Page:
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Re: [TowerTalk] Loose rotor bolts

To: Michael Ryan <>
Subject: Re: [TowerTalk] Loose rotor bolts
From: Jim Lux <>
Date: Sun, 28 Oct 2007 20:36:10 -0700
List-post: <>
Michael Ryan wrote:
> Barry, There is an old saying that dates back before the turn of the
> century:  "If you want something done right you have to do it yourself."
>        For whatever reason your install in question did not last, perhaps
> the bolts were only installed hand tight while being lined up through the
> rotor plate and then were not tightened down appropriately ( just plain
> forgotten). Or those clever little devices, invented by that famous Italian
> metallurgist, Leroy Lock ( inventor of the LOCK WASHER ) were not used and
> the rest is history. In the past I have been up and down numerous towers
> like many on here have and done any number of chores but never had to fix a
> rotor because someone had not finished the job the first time which is what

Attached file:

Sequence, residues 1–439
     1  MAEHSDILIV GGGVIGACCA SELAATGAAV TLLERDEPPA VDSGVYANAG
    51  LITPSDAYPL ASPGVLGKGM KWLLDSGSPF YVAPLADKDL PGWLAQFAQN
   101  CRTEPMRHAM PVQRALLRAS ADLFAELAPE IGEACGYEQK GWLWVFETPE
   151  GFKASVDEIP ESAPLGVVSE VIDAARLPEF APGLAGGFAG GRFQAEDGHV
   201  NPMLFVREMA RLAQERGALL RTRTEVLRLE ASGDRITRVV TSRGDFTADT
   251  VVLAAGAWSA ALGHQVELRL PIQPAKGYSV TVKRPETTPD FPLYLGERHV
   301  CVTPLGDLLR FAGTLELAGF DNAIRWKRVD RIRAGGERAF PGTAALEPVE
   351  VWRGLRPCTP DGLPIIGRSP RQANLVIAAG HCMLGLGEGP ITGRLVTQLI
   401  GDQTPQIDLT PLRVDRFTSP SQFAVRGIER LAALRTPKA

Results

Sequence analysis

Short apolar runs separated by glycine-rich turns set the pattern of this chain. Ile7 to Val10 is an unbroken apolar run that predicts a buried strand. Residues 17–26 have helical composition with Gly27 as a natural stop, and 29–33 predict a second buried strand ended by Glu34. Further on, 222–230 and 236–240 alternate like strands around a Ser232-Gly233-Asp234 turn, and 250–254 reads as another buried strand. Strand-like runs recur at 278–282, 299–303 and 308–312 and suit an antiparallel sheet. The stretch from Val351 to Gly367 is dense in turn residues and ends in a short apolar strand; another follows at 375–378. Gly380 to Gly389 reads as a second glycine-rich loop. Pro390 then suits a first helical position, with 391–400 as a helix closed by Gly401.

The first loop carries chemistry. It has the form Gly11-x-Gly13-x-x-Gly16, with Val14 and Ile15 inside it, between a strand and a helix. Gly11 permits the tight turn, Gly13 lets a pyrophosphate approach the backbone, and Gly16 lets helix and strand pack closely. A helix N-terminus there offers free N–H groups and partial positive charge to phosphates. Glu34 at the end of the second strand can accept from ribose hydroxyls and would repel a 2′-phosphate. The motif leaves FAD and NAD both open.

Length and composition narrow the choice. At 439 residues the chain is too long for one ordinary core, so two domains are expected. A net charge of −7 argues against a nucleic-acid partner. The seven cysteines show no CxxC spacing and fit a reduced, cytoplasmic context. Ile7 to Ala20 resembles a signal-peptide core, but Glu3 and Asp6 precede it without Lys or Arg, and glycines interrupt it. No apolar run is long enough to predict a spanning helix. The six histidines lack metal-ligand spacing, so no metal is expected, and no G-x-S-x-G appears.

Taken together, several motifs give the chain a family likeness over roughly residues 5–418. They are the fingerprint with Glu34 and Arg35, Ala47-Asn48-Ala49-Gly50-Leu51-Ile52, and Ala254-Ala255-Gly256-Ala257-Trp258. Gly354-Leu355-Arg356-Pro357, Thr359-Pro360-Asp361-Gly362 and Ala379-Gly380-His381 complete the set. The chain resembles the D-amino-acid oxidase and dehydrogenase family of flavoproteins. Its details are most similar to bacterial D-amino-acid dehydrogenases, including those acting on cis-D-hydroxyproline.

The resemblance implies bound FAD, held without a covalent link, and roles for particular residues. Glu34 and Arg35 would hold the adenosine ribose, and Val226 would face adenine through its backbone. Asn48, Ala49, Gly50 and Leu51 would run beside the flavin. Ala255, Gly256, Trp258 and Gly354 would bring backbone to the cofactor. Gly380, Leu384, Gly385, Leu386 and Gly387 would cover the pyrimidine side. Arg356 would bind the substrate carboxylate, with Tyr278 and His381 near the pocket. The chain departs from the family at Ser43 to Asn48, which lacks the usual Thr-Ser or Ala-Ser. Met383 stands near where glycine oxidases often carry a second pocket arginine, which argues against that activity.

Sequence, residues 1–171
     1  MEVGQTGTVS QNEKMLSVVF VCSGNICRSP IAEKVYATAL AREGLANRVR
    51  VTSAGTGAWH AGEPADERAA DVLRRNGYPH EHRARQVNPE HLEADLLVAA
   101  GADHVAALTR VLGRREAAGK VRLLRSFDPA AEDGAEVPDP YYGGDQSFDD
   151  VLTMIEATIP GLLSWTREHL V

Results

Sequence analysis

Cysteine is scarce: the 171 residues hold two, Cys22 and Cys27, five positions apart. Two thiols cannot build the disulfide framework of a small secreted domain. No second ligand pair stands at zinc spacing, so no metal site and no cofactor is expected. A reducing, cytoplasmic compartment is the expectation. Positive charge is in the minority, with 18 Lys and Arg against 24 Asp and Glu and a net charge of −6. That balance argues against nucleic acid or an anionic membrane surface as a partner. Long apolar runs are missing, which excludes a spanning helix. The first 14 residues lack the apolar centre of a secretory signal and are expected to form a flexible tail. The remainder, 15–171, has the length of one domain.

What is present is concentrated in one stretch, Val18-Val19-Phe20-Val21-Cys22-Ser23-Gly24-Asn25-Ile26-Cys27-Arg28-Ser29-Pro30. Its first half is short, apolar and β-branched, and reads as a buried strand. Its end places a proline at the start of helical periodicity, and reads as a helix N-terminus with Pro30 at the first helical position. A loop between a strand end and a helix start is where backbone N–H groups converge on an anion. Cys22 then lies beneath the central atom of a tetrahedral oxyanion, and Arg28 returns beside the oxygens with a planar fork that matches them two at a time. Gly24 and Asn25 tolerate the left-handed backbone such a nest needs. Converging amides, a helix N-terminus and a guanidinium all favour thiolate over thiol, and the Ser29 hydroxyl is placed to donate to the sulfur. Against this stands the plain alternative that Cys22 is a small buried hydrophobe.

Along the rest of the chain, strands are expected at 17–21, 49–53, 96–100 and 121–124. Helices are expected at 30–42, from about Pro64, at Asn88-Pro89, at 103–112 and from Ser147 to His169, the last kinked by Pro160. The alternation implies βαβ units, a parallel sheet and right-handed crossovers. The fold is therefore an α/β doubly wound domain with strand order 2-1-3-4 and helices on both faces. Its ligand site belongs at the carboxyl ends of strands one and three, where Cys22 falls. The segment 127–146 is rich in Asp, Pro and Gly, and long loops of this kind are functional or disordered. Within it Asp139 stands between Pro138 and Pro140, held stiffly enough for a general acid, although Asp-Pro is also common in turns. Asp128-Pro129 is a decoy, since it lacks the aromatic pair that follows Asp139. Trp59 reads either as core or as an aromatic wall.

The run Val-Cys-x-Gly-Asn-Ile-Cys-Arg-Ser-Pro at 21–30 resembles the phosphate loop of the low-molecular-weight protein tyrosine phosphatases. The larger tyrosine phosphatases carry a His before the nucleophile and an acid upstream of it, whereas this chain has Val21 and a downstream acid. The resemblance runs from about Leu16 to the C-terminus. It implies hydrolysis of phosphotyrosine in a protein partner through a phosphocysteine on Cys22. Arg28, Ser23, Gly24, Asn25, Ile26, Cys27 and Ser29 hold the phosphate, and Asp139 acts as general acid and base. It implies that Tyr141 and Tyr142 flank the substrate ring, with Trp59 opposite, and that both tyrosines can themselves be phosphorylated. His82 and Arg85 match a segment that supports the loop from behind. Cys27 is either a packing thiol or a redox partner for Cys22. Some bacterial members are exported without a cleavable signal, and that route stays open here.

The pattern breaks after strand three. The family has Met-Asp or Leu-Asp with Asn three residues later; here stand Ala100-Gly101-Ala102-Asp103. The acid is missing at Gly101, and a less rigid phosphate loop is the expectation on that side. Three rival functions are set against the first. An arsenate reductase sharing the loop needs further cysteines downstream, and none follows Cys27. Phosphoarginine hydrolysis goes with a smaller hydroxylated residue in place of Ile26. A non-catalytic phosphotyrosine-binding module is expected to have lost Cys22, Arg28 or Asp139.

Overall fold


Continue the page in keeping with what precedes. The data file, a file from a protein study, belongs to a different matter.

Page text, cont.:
> it sounds like happened in your case. Perhaps you'll have better luck this
> time around though. ( refer to my opening paragraph..) - Mike

also.. if you have a bolt that's being temperature cycled, lockwashers 
may not do much good, unless they're under a lot of tension (and 
depending on the kind of lockwasher).  If the bolt ever goes "slack" 
(due to changes in length with temperature, or loading) then the 
lockwasher won't do much to hold it, and vibration or further 
temperature changes will back it right off.

the high friction "nylock" type is a bit better.

An adhesive threadlocker (e.g. Loctite(tm)) is even better.

Or, wiring the nuts/cotter keys.

If you have a bolt under tension, and the tension is high enough that it 
never isn't under tension and the thread pitch is fine, then you don't 
worry about this (bearing cap and engine head bolts are good examples).
The fine thread is because a thread is basically an inclined plane, so 
fine threads is low plane angle, so the "turning force" vs "tension" is 
small, so turning force is very much less than frictional forces.

Here's an interesting observation.. I'll bet there aren't many 
lockwashers in your car(if it was built in the last 10-15 years), but 
there are either fine threads or adhesives or both. Automotive 
applications are a good example of an environment with both thermal 
cycling and vibration.

Jim, W6RMK

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